Saturn, the Tennessee-based division of General Motors established in 1991, has never offered bad cars, but it still can be said that the 2003 line — topped by the LW300 wagon — represents a quantum jump.
With a list of standard features that shames some of its midsize rivals, the LW300 may look like your traditional station wagon, but it doesn’t drive or ride like one. It’s tight, eminently controllable and comfortable.
There are options, including a $4,280 entertainment package, that Saturn and its dealers will gladly supply. Buyers can get virtually anything they want except blazing performance and a manual transmission (unless opting for the base LW200 models with shifter, not speed).
Prices start at about $16,000 and culminate with the loaded LW300 wagon. The test car was based at $22,575 plus $610 delivery and totaled $27,865. And, yes, there are some interesting options out there for anyone investing that amount of money or credit.
But recollect how the initial Saturns felt and drove while behind the leather-wrapped wheel of the wagon, and the difference is akin go going from the really traditional American-built wagon to one of the high-end European wagons. There’s that much difference.
With the LW300 and Saturn’s 3.0-liter V-6, you’re not afraid of merging with those speed-limit scoffers on the expressways (zero to 60 mph in eight-plus seconds). Perhaps even more satisfying to most, you’re not going to be shut out of the fuel economy sweepstakes either (21 and 29 mpg regular unleaded EPA figures are pretty close to real-world numbers; the tester’s combined average was about 20 mpg).
The four-speed automatic in the tester gave no reason for complaint. Shifts were smooth and appropriately spaced, with the throttle position influencing when they happened.
Or you can do it yourself with the console-mounted shifter. It, like the other controls, is easily located, particularly for anyone who’s even remotely familiar with GM products.
Equally easily adapted to are the instrumentation, dressed up for ‘03, and controls, although some of the grouping — like the center console stack of stereo/climate system switches — is not at all new.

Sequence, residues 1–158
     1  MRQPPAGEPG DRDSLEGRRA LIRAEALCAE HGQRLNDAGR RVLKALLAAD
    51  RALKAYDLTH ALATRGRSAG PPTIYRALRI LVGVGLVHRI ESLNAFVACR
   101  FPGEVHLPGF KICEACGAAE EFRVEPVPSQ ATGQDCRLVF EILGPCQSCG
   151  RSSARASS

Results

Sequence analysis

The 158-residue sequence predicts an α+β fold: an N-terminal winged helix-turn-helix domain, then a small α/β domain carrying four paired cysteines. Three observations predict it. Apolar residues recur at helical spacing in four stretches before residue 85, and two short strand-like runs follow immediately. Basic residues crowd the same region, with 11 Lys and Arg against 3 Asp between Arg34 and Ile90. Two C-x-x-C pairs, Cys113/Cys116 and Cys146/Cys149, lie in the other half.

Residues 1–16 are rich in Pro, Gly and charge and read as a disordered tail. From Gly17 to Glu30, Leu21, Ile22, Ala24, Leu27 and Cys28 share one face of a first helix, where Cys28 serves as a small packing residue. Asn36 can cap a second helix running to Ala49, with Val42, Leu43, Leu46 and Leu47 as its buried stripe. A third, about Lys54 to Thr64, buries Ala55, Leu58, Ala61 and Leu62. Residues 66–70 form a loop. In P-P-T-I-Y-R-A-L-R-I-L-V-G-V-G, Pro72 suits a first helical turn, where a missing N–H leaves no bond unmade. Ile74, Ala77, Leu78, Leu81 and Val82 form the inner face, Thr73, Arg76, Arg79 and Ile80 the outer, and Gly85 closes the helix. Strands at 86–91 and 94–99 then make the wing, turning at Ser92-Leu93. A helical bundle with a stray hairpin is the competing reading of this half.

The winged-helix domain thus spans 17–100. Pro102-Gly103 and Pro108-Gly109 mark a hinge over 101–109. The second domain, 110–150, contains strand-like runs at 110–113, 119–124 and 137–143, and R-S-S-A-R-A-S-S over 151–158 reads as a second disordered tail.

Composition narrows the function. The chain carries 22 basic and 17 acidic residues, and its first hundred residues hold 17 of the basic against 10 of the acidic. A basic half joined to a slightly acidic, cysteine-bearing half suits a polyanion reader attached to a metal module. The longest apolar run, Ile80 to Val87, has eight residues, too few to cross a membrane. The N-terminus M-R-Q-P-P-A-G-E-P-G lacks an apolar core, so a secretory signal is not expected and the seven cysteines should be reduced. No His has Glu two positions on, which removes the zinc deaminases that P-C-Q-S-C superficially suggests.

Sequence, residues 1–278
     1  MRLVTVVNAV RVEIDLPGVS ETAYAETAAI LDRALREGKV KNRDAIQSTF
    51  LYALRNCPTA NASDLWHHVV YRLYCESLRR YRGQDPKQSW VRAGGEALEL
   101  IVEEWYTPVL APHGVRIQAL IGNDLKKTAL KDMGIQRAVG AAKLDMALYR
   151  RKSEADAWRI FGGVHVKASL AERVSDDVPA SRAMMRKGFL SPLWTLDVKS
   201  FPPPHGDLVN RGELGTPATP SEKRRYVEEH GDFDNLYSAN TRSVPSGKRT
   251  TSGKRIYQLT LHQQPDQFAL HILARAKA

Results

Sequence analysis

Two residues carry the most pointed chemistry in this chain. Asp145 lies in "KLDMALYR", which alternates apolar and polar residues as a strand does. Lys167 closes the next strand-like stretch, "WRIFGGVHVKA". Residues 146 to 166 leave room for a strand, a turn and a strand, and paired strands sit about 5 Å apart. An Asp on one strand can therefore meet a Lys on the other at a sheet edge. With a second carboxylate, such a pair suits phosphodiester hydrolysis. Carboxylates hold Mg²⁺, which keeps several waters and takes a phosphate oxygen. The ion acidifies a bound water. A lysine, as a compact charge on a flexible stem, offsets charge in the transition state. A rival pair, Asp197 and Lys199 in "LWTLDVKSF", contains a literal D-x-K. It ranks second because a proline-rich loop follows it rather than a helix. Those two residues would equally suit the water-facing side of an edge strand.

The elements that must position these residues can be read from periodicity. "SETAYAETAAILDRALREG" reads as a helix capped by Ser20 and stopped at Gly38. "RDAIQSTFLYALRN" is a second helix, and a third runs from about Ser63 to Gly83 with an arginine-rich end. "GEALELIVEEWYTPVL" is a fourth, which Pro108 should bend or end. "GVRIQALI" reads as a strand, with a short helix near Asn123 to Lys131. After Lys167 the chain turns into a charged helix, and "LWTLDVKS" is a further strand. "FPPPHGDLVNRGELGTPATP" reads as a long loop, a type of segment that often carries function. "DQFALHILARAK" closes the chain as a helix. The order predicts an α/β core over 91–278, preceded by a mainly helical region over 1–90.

But given its exterior improvements, including the projector headlamp grouping and new taillamps, the Saturn wagon is pleasing enough to look at, and it’s easy to argue that the comfort and convenience levels are even more appealing.
For bottom-line purposes, Saturn has come a long way, and the beginning was not from a bad starting point.
Test vehicle: Saturn LW300 front-drive station wagon
- Price as tested: $27,865 (base: $22,575, plus $610 delivery)
- Drivetrain: 3.0-liter V-6 engine (182 horsepower), four-speed automatic transmission
- Safety features: Dual front and side head-curtain air bags, side-impact beams, switchable traction control, optional anti-lock system for disc brakes ($400); optional OnStar system for obtaining information, roadside assistance and emergency services for one year (included in $4,280 entertainment package), additional years for an additional fee.
- Other standard features include: Air conditioning; power mirrors, windows and automatic locks with keyless entry system; CD stereo with six speakers; cruise control; tilt wheel; sport-tuned suspension; 16-inch alloy wheels with 215/55 performance tires; dent/rust-resistant polymer body parts
- Other options on test vehicle: Package with automatic climate control, DVD entertainment system with fold-down screen and headphones, six-disc CD/cassette stereo, leather interior, chrome wheels and trim, fog lamps, heated mirrors, power driver’s seat
- EPA figures: 21 mpg regular city, 29 mpg highway